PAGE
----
The Road Haulage Association has published its annual NOx (nitrogen oxides) Emission Assessment, which shows that the HGV sector has reduced its NOx output by at least 59 per cent since 2013.
In the report, the RHA quotes Department for Transport figures demonstrating a continual year-on-year decline in NOx emissions since 2013, citing the industry’s £1.9bn investment in Euro VI-compliant vehicles as the key driver.
The association predicts that the industry will have reduced output by at least 80 percent by 2025, even if no further policy action is taken at all. This is based on RHA estimates of fleet composition change by Euro emission class over the next five years.
The report acknowledges, however, that Covid-19 will have an impact on estimates of future emissions.
“It will be another 12 months before the impact of the pandemic on fleet composition will be known,” it said.
“It is already appearing likely that lorry vehicle numbers will fall, and that emissions from lorries will fall faster than the estimates in this assessment.”
The report also called for a change to the government’s existing approach to clean air zones, to help mitigate the impact of Covid-19 and to take account of continued improvements in emission levels from the sector.
The RHA is advocating the delay of all clean air zone implementation until at least 2022, and that no charges should be levied on any lorry less than 12 years old once enforcement begins.
The association also wants local authorities to be obliged to reduce congestion in identified ‘hotspots’, through targeted traffic management initiatives. Where charges are introduced, it wants automatic payment systems for operators alongside proposed automatic fines.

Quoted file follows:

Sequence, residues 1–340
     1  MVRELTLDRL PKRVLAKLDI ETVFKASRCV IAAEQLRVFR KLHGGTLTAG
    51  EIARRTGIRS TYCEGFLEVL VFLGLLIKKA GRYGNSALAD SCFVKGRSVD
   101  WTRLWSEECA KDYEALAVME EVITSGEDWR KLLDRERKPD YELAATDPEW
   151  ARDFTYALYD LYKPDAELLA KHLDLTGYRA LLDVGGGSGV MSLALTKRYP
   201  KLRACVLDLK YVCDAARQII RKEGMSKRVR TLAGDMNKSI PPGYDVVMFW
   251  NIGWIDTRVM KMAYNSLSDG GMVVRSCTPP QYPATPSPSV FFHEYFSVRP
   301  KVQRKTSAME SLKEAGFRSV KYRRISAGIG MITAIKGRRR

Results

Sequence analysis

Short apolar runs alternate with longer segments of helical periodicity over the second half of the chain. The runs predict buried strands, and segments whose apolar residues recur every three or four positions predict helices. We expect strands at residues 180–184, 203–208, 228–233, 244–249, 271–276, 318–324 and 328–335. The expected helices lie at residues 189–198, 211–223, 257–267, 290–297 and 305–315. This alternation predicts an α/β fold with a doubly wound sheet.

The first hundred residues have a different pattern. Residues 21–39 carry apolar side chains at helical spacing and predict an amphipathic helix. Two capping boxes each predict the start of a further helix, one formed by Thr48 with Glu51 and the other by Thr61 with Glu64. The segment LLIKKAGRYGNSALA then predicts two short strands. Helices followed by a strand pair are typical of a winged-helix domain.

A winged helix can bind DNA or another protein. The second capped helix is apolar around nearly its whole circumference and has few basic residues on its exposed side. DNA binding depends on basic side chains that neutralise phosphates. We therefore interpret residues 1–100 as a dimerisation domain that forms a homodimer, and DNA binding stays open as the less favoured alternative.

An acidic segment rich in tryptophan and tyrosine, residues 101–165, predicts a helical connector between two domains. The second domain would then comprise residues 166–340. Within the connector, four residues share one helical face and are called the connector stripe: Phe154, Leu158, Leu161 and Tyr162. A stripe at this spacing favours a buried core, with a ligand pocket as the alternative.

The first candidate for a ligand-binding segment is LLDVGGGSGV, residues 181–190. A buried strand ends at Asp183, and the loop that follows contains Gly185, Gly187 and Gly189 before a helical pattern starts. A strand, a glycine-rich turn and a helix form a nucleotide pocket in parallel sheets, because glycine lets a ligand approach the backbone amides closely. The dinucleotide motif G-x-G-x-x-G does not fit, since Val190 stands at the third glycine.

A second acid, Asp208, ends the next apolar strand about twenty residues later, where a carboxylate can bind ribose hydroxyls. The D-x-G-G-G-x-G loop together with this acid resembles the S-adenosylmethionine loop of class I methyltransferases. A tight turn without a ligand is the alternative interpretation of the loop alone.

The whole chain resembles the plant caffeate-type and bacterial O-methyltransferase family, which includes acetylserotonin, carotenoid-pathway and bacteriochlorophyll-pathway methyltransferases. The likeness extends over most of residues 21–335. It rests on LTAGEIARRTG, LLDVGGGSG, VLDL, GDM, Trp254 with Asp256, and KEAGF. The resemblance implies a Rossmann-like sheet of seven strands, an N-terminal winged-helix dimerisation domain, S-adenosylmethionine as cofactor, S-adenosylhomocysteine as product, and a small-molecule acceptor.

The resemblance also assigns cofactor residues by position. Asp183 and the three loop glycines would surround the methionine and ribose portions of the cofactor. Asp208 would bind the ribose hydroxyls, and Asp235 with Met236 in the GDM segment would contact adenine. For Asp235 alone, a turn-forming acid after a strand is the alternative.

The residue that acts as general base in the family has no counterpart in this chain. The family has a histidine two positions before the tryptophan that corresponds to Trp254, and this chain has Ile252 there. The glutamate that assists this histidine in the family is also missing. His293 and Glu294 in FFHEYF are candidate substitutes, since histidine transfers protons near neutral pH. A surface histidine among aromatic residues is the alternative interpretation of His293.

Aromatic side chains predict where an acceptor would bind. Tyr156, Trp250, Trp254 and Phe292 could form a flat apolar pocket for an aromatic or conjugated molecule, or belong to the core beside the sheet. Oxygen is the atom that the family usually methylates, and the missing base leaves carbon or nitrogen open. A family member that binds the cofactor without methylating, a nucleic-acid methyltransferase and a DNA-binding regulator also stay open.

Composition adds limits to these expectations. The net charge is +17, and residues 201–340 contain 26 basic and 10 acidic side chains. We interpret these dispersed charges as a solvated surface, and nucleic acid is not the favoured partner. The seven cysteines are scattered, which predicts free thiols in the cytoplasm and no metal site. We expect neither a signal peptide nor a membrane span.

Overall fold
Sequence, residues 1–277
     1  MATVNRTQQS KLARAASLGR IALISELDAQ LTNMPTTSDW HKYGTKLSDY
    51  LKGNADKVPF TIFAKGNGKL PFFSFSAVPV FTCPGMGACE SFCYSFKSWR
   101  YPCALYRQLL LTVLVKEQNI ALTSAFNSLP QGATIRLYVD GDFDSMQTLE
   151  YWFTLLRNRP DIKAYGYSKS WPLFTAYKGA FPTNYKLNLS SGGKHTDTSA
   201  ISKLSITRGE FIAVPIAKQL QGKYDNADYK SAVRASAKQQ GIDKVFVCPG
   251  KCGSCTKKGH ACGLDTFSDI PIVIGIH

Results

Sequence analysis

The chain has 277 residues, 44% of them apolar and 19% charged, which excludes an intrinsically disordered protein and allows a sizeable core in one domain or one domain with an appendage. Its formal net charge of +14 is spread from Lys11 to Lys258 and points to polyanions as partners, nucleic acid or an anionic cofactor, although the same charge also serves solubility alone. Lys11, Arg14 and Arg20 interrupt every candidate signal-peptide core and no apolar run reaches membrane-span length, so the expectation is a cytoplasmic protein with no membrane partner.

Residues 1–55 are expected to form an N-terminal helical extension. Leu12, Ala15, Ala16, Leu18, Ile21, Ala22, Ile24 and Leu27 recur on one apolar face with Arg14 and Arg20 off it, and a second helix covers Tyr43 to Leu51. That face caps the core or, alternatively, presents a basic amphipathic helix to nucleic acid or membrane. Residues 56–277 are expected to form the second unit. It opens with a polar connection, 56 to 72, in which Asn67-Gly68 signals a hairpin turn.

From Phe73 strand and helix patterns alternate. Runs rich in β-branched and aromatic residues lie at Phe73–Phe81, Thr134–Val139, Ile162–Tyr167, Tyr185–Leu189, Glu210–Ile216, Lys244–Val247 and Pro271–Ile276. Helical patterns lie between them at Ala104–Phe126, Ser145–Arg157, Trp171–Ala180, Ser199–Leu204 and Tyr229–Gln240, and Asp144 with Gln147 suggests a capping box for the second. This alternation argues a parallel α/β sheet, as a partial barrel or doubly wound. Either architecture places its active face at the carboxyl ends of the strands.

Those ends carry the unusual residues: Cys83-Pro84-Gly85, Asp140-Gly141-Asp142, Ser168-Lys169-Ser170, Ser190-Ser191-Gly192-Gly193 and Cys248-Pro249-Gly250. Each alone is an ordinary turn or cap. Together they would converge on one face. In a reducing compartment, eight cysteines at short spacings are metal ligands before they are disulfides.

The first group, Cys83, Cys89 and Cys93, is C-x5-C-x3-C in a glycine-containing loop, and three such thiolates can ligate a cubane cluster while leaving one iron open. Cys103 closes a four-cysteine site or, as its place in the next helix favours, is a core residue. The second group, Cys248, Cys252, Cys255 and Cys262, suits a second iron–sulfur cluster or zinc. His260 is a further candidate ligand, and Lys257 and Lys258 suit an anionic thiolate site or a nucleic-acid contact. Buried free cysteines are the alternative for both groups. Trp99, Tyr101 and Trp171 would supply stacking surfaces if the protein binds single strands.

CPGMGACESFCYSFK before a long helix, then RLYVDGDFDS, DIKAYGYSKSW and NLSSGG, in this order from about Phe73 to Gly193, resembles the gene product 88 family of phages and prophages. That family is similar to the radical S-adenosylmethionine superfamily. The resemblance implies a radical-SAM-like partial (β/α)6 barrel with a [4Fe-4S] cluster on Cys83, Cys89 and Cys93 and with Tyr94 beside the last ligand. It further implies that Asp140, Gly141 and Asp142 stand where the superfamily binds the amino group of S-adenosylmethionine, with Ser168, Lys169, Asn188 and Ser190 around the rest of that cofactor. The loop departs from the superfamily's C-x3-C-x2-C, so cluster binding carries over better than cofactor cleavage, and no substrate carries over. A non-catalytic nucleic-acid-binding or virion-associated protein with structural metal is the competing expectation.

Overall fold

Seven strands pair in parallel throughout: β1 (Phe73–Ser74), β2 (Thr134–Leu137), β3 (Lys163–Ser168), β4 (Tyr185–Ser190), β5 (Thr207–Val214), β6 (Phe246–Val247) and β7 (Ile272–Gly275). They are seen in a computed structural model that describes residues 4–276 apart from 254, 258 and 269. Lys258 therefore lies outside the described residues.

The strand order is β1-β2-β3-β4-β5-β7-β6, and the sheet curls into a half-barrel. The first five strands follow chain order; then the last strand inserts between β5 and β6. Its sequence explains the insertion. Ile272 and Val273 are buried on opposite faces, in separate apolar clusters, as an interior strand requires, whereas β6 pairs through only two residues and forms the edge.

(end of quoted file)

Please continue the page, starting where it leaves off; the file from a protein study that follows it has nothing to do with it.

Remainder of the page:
Chris Ashley, the RHA’s head of environment policy, welcomed the report, saying the figures demonstrate what can be achieved when well-designed standards, in this case Euro VI, are phased in sustainably.
“As the Government’s ‘green recovery’ agenda gathers pace we believe this positive experience can be applied to the decarbonisation agenda, but a repeat of DEFRA’s flawed clean air zone policy must be avoided,” he insisted.
“Hauliers are willing to invest in the technology needed for a clean environment but they must have confidence that the regulatory framework will not retrospectively undermine that investment.”
Ashley warned that imposing significant charges on technology deemed to be ‘obsolete’ without ensuring supply of the preferred technology is sufficient was “a recipe for disaster”, leading to “stranded assets, market distortion and waste”.
With the economy officially in recession, he added that the government must adopt a sustainable approach to goods movement which recognises that environmental and social wellbeing depends on economic wellbeing.